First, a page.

QUITO, Ecuador — As Julian Assange spoke from a balcony in Ecuador’s London embassy Sunday, journalists here wondered whether to laugh or cry.
The WikiLeaks founder claimed that “freedom of expression and the health of all our societies” was under threat and warned of a “dangerous and oppressive world in which journalists fall silent under the fear of prosecution.”
Yet, according to numerous international and Ecuadorean human rights and press freedom groups, that is exactly the scenario now unfolding in the tiny South American nation whose support the 41-year-old Australian was eulogizing.
They accuse President Rafael Correa, who last week granted asylum to Assange, of a campaign of intimidation and harassment against any media that have dared to criticize his administration.
The attacks have included the closure of radio stations and magazines, lawsuits resulting in jail terms, and constant verbal broadsides against journalists.
Correa’s detractors claim these have created a climate of fear and self-censorship — and even put lives in danger.
“The government is clearly inciting violence against journalists,” Juan Carlos Calderon, editor of investigative news magazine Vanguardia, told GlobalPost. “And there is a fear of being sued by the government. Bear in mind that the government totally controls the judiciary. Correa uses the courts like a whip. Many media have decided to just survive, and are not doing investigative journalism.”
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Cesar Ricaurte, of Quito-based journalism think tank Fundamedios, agreed. “This daily hostile discourse has placed journalists in a situation of high risk and has made attacks more likely,” he said.
“Correa has adopted a systematic policy of intimidation of independent media since he was first elected but it has become more intense in the last two years.”
The president routinely refers to journalists in general as “liars,” “corrupt,” “mediocre” and, most creative of all, “ink murderers.” In recent months, he has taken to targeting individual reporters on TV, brandishing their photos, Ricaurte said.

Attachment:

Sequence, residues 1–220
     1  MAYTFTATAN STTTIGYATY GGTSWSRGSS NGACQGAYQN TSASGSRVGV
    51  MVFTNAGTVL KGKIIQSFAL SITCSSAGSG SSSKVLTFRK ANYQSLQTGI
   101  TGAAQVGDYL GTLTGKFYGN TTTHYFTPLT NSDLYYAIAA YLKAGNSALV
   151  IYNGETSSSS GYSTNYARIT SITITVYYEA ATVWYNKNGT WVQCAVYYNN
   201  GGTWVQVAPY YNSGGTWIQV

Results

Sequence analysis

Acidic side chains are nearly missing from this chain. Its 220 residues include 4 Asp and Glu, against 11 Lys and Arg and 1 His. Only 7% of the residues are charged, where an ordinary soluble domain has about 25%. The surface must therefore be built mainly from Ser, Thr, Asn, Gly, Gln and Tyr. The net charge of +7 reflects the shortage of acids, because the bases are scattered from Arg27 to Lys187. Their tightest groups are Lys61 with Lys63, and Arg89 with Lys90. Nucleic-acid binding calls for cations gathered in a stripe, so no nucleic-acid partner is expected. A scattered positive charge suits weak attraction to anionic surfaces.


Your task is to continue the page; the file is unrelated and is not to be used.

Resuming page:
Predictably perhaps, there have been a series of unresolved threats and attacks on journalists, including the slaying of photographer Byron Baldeon last month, the first killing of a journalist in Ecuador in years.
The murder appears to be the work of organized crime, angry at being exposed by Baldeon. Nevertheless, Ricaurte believes the killers may have been emboldened by the government’s hostile rhetoric.
Separately, the Correa administration has come out with a raft of laws making it all but impossible for independent journalists to carry out their work.
One bans electoral coverage “in favor of, or against” a candidate, party or political philosophy. Another prevents anyone owning 6 percent or more of a news outlet from having other economic interests, throttling the flow of private investment to journalism here.
A third bill, currently before congress — which is dominated by Correa supporters — would establish a committee to control editorial content.
Meanwhile, under Correa, 49, the government has concentrated TV, radio and newspaper outlets in its own hands.
It now owns three of Ecuador’s six national TV stations. That does not automatically spell trouble — after all, the BBC belongs to the British state. But unlike in the UK, those stations are directly controlled by government ministers and their coverage is heavily biased.